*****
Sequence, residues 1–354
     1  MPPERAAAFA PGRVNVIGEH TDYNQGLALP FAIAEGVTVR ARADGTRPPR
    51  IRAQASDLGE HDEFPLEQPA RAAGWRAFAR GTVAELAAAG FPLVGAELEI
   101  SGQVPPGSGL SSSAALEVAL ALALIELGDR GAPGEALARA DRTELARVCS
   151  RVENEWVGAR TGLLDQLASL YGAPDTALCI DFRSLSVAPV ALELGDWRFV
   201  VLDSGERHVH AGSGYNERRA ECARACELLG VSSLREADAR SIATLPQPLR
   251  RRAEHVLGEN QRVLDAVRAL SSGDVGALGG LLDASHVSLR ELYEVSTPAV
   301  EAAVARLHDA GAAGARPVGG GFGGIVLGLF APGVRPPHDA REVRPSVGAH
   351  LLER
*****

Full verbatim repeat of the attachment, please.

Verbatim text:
Sequence, residues 1–354
     1  MPPERAAAFA PGRVNVIGEH TDYNQGLALP FAIAEGVTVR ARADGTRPPR
    51  IRAQASDLGE HDEFPLEQPA RAAGWRAFAR GTVAELAAAG FPLVGAELEI
   101  SGQVPPGSGL SSSAALEVAL ALALIELGDR GAPGEALARA DRTELARVCS
   151  RVENEWVGAR TGLLDQLASL YGAPDTALCI DFRSLSVAPV ALELGDWRFV
   201  VLDSGERHVH AGSGYNERRA ECARACELLG VSSLREADAR SIATLPQPLR
   251  RRAEHVLGEN QRVLDAVRAL SSGDVGALGG LLDASHVSLR ELYEVSTPAV
   301  EAAVARLHDA GAAGARPVGG GFGGIVLGLF APGVRPPHDA REVRPSVGAH
   351  LLER